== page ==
Lewis, Pak chasing Jutanugarn in Thailand

By Randall MellFebruary 23, 2013, 3:02 pm

Ariya Jutanugarn is making sure youth phenoms remain a major storyline to the start of the 2013 LPGA season.

Seizing the 54-hole lead Saturday, Jutanugarn added some spicy fascination to the final round of the Honda LPGA Thailand.

Jutanugarn, 17, is a homegrown Thai prodigy trying to become the third youngest winner of an LPGA event. If that isn’t enough to fan the flame of interest among locals, there’s another compelling storyline. Jutanugarn may have something to prove to the LPGA after her petition for a waiver to join the tour was denied last year by tour officials. She’s playing this week on a sponsor invite.

Jutanugarn’s run comes a week after 15-year-old amateur sensation Lydia Ko made headlines taking a share of the lead into the final round of the LPGA’s season-opening ISPS Handa Women’s Australian Open. Ko’s bid to win back-to-back professional events was denied when Jiyai Shin outplayed her in the final round.

Jutanugarn chased down Stacy Lewis, the reigning LPGA player of the year, in Saturday’s third round. Playing alongside Lewis in the final pairing, Jutanugarn rode a wave of Thai support at Siam Country Club in coming from three shots back to catch and pass Lewis. Jutanugarn grew up in Bangkok.

“I did feel a lot of pressure early on,” Jutanugarn told reporters after her round. “I felt the whole Thai people’s hope on my back. After a few holes, people starting to cheer me up, and that made all the pressure go away.”

With a 2-under-par 70 in windy conditions, Jutanugarn moved to 11-under 205. Lewis (76) slipped three shots back into a tie for second with Se Ri Pak (71) and Beatriz Recari (72).

Rolex world No. 1 Yani Tseng (72) is 10 shots back in her attempt to win this event for a third consecutive year. Ko (74) is nine shots back.

Jutanugarn is half of a gifted sister tandem. Her older sister, Moriya, 18, shared medalist honors at LPGA Q-School in December to earn her playing privileges. Two weeks later, Ariya won the Ladies European Tour Q-School to earn LET status.

Moriya tied for fourth in Australia last week and sits tied for 61st in Thailand this week.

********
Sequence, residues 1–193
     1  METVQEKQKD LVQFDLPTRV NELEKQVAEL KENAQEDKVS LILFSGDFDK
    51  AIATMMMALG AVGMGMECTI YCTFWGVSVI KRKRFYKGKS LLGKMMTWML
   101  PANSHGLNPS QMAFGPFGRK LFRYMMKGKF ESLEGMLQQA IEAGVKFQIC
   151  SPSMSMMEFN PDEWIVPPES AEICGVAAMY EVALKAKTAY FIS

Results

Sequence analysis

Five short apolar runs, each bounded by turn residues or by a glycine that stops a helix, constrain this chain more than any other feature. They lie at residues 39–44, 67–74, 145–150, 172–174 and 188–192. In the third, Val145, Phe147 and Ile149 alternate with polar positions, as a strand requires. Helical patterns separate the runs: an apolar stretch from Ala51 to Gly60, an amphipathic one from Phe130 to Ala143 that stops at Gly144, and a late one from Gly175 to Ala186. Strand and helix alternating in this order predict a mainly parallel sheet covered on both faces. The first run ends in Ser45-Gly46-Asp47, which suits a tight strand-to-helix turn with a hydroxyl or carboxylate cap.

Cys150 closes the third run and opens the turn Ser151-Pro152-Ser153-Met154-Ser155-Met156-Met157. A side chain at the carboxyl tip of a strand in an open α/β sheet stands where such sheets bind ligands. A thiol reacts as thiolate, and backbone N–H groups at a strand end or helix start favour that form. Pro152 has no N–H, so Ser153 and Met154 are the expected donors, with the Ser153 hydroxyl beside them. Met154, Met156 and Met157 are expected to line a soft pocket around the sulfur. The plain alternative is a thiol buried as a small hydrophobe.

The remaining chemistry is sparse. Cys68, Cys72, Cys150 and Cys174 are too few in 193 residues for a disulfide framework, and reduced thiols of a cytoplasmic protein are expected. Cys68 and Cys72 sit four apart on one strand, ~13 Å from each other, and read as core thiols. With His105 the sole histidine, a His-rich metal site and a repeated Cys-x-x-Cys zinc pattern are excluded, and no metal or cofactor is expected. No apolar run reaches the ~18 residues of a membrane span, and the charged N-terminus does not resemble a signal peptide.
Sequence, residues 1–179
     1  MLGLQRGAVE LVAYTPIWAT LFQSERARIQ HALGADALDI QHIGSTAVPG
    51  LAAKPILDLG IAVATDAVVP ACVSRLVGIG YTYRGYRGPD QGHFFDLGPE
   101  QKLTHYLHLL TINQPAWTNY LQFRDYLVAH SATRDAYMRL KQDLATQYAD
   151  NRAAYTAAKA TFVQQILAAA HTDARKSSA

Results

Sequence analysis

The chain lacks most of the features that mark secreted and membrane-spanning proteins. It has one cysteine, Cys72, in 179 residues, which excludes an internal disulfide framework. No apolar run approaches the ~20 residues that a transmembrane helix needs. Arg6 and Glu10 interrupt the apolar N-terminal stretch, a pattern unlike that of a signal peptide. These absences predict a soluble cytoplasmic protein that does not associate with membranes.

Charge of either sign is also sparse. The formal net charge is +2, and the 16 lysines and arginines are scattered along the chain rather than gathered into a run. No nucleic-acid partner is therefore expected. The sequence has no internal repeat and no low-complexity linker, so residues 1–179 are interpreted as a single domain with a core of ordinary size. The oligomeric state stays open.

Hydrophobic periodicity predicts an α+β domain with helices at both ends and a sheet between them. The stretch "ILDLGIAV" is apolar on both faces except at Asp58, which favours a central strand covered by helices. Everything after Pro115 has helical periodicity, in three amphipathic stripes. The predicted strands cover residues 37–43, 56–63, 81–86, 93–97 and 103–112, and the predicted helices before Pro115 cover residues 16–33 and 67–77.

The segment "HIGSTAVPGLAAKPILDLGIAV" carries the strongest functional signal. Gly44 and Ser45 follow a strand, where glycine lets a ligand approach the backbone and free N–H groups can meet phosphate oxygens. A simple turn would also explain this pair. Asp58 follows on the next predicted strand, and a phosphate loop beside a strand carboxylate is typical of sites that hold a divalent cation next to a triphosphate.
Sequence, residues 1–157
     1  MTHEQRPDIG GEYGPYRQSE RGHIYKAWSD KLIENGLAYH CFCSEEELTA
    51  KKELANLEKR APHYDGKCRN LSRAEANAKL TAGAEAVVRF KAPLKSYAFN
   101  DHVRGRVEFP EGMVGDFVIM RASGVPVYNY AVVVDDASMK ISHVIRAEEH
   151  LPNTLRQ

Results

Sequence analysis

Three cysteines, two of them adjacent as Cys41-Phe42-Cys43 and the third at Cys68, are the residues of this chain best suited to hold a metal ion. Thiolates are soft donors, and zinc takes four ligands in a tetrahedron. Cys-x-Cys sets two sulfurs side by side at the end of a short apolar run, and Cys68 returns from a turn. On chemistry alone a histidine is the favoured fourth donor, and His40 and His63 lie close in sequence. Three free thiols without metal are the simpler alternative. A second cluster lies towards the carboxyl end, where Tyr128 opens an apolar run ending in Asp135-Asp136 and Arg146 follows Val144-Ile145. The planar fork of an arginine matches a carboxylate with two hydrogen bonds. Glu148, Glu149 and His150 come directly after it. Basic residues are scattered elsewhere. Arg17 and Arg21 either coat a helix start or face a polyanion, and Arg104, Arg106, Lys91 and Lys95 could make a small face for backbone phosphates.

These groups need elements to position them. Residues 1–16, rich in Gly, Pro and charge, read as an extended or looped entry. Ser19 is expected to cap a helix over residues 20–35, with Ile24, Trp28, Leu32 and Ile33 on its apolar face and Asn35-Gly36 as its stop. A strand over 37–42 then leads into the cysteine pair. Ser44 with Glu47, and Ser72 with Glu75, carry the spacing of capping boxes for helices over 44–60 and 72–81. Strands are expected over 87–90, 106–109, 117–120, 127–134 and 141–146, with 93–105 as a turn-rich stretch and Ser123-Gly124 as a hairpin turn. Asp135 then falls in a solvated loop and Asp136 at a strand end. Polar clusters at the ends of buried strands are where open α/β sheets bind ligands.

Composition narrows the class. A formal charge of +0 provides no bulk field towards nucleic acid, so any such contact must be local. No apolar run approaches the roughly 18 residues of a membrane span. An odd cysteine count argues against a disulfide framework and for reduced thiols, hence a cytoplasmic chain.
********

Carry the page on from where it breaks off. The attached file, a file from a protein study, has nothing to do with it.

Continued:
Ariya is considered the more accomplished of the sister tandem. She won the U.S. Girls’ Junior two years ago and was medalist at the U.S. Women’s Amateur Public Links three years ago. She lost to Ko in the semifinals of the U.S. Women’s Amateur last summer. Ariya sought to join her sister at LPGA Q-School last fall but was denied a waiver of the LPGA’s rule requiring members be at least 18.

Ariya and Moriya have rarely been apart in their budding golf careers. The denial of an LPGA waiver forced the family to split apart for the start of Ariya’s and Moriya’s pro careers with Ariya’s and Moriya’s father accompanying Ariya to LET events and their mother accompanying Moriya to LPGA events.

Ogilvy urges distance rollback of ball

By Golf Channel DigitalNovember 23, 2017, 8:49 pm

Add Geoff Ogilvy to the chorus of voices calling for a distance rollback of the golf ball.

In an interview before the start of the Emirates Australian Open, Ogilvy said a "time-out" is needed for governing bodies to deal with the issue.

"It's complete nonsense," he said, according to an Australian website. "In my career, it’s gone from 300 yards was a massive hit to you’re a shorter hitter on tour now, legitimately short. It’s changed the way we play great golf courses and that is the crime. It isn’t that the ball goes 400, that’s neither here nor there. It’s the fact the ball going 400 doesn’t makes Augusta work properly, it functions completely wrong.’’


Full-field scores from the Emirates Australian Open


Ogilvy used an example from American baseball to help get his point across to an Australian audience.

“Major League Baseball in America, they use wooden bats, and everywhere else in baseball they use aluminium bats,’’ he said. “And when the major leaguers use aluminium bats they don’t even have to touch it and it completely destroys their stadiums. It’s just comedy.